|Fire and Ice: Puritan and Reformed Writings|
[Table of Contents] [Fast Index] [Site Map]
by Thomas Shepard
from The Sincere Convert
Word (All five extracts)
Now, the reasons why men rest in their duties are these:
First. Because it is natural to a man out of Christ to do so. Adam and all his posterity were to be saved by his doing: "Do this and live;" work, and here is your wages; win life, and wear it.
Hence all his posterity seeks to this day to be saved by doing; like father, like son. Now, to come out of all duties truly to Christ, is a course hardly to be expected from a corrupt nature; hence men seek to find something in themselves. Now, as it is with a bankrupt, when his stock is spent, and his estate cracked, before he will work for wages, or live upon another, he will turn peddler of small wares, and so follow his old trade with a less stock: so men naturally follow their old trade of doing, and hope to get their living that way; and hence men, having no experience of trading with Christ by faith, live of themselves. Samson, when all his strength was lost, would go to shake himself as at other times: so when men's strength is lost, and God and grace are lost, yet men will go and try how they can live by shifts and working for themselves still.
Secondly. Because men are ignorant of Jesus Christ and his righteousness; hence men can not go unto him, because they see him not; hence they shift as well as they can for themselves by their duties. Men seek to save themselves by their own swimming, when they see no rope cast out to help them.
Thirdly. Because this is the easiest way to comfort the heart, and pacify conscience, and to please God, as the soul thinks; because by this means a man goes no farther than himself.
Now, in forsaking all duties, a soul goes to heaven quite out of himself, and there he must wait many a year, and that for a little, it may be. Now, if a fainting man has medicine at his bed's head, he will not go to the shopkeeper for it. Men that have a balm of their own to heal them will not go to the physician.
Fourthly. Because by virtue of these duties a man may hide his sin, and live quietly in his sin, yet be accounted an honest man, as the whore in Prov. 7:15, 16, having performed her vows, can entice without suspicion of men or check of conscience: so the scribes and Pharisees were horribly covetous, but their long prayers covered their deformities, (Matt. 23:14;) and hence men set their duties at a higher value than they are worth, thinking they shall save them because they are so useful to them. Good duties, like new apparel on a man pursued with hue and cry of conscience, keep him from being known.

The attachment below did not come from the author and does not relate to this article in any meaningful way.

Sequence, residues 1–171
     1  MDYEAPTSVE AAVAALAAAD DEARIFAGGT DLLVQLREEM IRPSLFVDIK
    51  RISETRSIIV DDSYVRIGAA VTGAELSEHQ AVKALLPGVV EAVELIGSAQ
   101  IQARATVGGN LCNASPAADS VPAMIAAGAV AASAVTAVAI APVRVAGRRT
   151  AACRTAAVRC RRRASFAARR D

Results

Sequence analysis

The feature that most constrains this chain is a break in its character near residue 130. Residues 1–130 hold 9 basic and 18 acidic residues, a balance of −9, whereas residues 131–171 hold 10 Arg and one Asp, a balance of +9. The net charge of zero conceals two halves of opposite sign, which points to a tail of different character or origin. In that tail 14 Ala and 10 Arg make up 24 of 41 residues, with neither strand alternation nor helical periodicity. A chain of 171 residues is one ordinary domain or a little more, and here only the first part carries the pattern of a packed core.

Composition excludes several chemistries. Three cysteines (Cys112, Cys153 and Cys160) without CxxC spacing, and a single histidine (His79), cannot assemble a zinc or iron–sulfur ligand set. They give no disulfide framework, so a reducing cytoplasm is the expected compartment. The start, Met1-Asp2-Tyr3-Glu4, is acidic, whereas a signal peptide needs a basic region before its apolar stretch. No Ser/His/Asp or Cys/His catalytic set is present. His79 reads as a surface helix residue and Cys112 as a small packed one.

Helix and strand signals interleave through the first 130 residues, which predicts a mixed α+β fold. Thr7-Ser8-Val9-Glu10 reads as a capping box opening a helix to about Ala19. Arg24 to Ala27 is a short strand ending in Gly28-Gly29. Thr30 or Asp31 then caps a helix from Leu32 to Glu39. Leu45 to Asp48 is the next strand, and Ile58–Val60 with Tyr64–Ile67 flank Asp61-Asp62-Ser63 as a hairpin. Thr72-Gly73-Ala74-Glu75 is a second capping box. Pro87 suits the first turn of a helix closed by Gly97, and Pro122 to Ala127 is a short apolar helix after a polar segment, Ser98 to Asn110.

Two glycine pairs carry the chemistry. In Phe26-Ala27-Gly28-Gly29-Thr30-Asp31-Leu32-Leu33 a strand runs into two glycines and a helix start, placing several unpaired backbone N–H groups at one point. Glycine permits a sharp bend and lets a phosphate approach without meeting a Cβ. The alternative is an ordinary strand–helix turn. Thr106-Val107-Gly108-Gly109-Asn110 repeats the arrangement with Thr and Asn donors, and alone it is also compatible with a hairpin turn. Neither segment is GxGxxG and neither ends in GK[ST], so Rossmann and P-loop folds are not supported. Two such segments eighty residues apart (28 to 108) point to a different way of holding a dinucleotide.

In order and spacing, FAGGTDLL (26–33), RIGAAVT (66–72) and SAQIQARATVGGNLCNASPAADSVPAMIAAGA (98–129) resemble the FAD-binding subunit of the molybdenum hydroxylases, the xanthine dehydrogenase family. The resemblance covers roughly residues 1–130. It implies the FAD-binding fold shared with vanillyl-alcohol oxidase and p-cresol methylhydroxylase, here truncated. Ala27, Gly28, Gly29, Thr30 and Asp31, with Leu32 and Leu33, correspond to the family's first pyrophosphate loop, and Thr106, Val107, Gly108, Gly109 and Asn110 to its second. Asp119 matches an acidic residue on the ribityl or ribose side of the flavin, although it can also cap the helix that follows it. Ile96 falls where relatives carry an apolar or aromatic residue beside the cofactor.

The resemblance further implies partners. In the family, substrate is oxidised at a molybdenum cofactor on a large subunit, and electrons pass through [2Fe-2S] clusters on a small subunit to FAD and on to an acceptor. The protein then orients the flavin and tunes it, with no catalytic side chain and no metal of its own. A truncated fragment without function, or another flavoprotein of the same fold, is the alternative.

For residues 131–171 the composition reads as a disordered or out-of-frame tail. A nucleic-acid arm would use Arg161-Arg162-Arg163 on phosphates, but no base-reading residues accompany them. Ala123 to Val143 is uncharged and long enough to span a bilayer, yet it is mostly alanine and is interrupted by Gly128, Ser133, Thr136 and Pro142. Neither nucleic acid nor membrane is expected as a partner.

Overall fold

Take heed of resting in duties; good duties are men's money, without which they think themselves poor and miserable; but take heed that you and your money perish not together. (Gal. 5:3.) The paths to hell are but two. The first is the path of sin, which is a dirty way. Secondly, the path of duties, which (rested in) is but a clearer way. When the Israelites were in distress, (Judges 10:14,) the Lord bids them go to the gods they served: so when you shall lie howling on your death bed, the Lord will say, Go unto the good prayers and performances you nave made, and the tears you have shed. O, they will be miserable comforters at that day.
Objection. But I think you will say, no true Christian man hopes to be saved by his good works and duties, but only by the mercy of God and merits of Christ.
Answer. It is one thing to trust to be saved by duties,
another thing to rest in duties. A man trusts unto them when he
is of this opinion, that only good duties can save him. A man
rests in duties when he is of this opinion, that only Christ can
save him, but in his practice he goes about to save himself. The
wisest of the Papists are so at this day, and so are our common
Protestants. And this is a great subtlety of the heart, that is,
when a man thinks he can not be saved by his good works and duties,
but only by Christ: he then hopes, because he is of this opinion,
that when he has done all he is an unprofitable servant; (which
is only an act or work of the judgment informed aright;) that,
therefore, because he is of this opinion, he shall be saved.
Signs of Resting in Duties
Index to Thomas Shepard
A Note about the "Writings" of Thomas Shepard
|Table of Contents||Main Page||Quote of the Week|
|History & Biography||Poetry||If You're Looking For...|
|New & Favourite||Reformed Links||Fast Index|
|About the Puritans||Our Church|